Hope everyone's holiday was full of good things of all varieties! I'm not done being thankful, though, so I thought I'd share a list of (some of) the books I am most thankful for.
Hard Times, by Charles Dickens. I read this in college, and was astounded at my love of and enjoyment in reading a classic. A valuable lesson.
Alias Grace, by Margaret Atwood. I also read this in college, in a modern Canadian literature course. Thank you, Dr. Thacker, for showing me that you can have intense, deep discussion about modern authors, too. (This lesson has served me very well in the last 10 years of book club reading!)
American Gods, by Neil Gaiman. My mind was blown the first time I read this book--Gaiman is a master of thinking outside of a box most of us never knew existed. (Bonus: this title is being optioned by HBO to turn into a series sometime in 2013. So excited!)
The Stand, by Stephen King. One of two books I brought with me during a summer in France. Little did I know I'd wind up reading it twice! (Long story. I'd have been lost without it, though.)
Pillars of the Earth, by Ken Follett. I read a lot during my college years, most of it for my classes. This title came to me in paperback form on a holiday break, a gift from a friend's dad. It solidified my love of historical fiction, and reminded me why I love to read for entertainment.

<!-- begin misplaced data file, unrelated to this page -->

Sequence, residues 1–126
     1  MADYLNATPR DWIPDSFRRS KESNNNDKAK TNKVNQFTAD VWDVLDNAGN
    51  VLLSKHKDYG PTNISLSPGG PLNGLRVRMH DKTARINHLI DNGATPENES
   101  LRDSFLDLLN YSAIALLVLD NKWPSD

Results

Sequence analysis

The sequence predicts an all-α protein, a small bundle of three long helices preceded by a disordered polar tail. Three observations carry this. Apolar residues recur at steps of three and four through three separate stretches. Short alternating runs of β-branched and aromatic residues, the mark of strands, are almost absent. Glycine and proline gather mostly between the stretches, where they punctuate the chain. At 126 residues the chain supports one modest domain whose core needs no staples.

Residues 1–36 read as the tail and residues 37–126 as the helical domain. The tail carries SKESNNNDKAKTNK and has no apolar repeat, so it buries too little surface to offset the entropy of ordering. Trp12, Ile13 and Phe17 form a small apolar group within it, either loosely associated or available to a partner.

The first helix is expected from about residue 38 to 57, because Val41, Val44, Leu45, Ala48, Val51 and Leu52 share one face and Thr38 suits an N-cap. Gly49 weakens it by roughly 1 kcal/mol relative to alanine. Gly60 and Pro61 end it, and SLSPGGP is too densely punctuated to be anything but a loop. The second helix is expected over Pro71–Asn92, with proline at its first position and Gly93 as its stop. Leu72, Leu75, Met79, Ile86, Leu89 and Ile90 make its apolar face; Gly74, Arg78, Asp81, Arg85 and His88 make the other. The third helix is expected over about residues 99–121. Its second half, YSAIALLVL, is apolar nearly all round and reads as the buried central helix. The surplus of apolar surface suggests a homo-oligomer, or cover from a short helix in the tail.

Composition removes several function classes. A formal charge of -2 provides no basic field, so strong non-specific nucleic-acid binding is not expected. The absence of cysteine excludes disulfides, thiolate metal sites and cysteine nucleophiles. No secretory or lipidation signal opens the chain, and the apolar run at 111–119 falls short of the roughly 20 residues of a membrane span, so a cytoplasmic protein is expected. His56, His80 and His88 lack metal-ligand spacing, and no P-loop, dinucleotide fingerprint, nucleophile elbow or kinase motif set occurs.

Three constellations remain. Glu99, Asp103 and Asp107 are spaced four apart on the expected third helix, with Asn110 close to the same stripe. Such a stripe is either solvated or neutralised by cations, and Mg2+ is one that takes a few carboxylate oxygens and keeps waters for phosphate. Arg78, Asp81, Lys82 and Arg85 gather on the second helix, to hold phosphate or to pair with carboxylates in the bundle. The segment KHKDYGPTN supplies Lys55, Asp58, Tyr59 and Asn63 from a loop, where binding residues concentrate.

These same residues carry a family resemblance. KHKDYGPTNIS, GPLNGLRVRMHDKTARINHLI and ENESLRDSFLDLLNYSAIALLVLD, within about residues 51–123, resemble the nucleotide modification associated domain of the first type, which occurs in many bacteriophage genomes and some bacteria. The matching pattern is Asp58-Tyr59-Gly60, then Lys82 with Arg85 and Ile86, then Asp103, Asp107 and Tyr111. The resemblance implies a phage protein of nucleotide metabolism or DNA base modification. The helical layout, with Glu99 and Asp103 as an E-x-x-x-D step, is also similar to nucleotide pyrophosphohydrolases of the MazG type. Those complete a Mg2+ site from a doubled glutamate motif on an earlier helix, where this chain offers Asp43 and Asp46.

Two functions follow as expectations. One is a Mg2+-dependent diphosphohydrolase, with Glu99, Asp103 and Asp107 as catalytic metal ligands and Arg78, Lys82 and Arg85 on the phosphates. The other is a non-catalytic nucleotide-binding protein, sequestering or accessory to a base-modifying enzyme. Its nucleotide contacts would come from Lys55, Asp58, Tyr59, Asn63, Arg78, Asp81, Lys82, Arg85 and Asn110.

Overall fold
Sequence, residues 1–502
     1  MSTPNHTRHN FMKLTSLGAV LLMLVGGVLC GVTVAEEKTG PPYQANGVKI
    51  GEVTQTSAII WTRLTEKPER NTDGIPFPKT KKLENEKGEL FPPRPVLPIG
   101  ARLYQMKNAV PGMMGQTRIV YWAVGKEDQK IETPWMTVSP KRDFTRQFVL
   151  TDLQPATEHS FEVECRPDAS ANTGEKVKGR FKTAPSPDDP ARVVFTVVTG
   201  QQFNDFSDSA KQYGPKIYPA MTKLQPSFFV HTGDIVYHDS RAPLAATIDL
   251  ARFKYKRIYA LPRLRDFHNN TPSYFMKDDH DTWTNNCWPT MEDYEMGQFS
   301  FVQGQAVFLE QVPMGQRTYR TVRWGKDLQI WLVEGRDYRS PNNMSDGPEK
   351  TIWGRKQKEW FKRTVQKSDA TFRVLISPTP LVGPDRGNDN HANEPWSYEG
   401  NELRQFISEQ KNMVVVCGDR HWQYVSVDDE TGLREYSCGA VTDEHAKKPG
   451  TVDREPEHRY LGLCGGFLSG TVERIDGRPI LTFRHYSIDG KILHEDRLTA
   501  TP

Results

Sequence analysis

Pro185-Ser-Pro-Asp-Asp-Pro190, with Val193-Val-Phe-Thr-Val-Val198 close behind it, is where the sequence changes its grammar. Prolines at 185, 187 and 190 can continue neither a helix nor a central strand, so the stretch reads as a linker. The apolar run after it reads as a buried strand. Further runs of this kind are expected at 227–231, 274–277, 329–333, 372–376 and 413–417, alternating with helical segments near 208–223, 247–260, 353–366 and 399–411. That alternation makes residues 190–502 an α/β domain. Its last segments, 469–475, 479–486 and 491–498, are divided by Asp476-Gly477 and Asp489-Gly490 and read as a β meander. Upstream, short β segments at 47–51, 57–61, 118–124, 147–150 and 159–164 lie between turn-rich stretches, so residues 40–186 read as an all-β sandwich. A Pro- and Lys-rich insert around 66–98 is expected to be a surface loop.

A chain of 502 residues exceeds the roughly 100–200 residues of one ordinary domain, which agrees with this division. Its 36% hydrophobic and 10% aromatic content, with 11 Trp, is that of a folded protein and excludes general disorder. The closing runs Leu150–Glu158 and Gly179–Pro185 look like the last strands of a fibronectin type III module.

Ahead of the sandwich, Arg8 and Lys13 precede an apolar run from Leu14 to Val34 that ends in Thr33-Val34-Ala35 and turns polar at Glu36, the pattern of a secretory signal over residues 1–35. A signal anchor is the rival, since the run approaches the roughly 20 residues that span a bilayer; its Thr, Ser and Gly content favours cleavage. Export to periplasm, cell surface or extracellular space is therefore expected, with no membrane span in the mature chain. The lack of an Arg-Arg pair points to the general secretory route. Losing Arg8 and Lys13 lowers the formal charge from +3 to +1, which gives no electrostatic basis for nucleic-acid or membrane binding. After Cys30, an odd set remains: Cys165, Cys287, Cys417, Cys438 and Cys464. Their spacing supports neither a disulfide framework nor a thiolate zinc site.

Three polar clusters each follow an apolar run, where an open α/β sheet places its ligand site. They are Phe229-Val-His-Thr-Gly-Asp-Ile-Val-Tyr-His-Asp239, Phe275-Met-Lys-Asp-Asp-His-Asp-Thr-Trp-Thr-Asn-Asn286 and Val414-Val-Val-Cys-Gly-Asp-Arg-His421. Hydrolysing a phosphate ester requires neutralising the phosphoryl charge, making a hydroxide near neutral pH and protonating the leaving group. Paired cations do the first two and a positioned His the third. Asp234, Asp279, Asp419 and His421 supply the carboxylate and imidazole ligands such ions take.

The Lion, the Witch & the Wardrobe, by C.S. Lewis. A childhood favorite, this was one of the first "big" books that I read to myself. I love it as much as an adult as I did as a kid.
People of the Book, by Geraldine Brooks and The Thirteenth Tale, by Diane Setterfield. Books both, in part, about book lovers. Both should be required reading by anyone who considers him/herself to be a bibliophile; these felt like epiphanies for this reader. (Both are also quite excellent in audio format, too.)
How to Eat, by Nigella Lawson. I admit, I love the Domestic Goddess, and have been watching her since her Nigella Bites first aired on E! here in the US about ten years ago. This is my ultimate go-to cookbook for basics, and she has never let me down yet.
The Help, by Kathryn Stockett. Of all the things to be said (and I've said them here and in the library, at length) about this, I am most thankful for Stockett's ability to move me, even when I knew what was going to happen. That's a gift.
What books are you thankful for?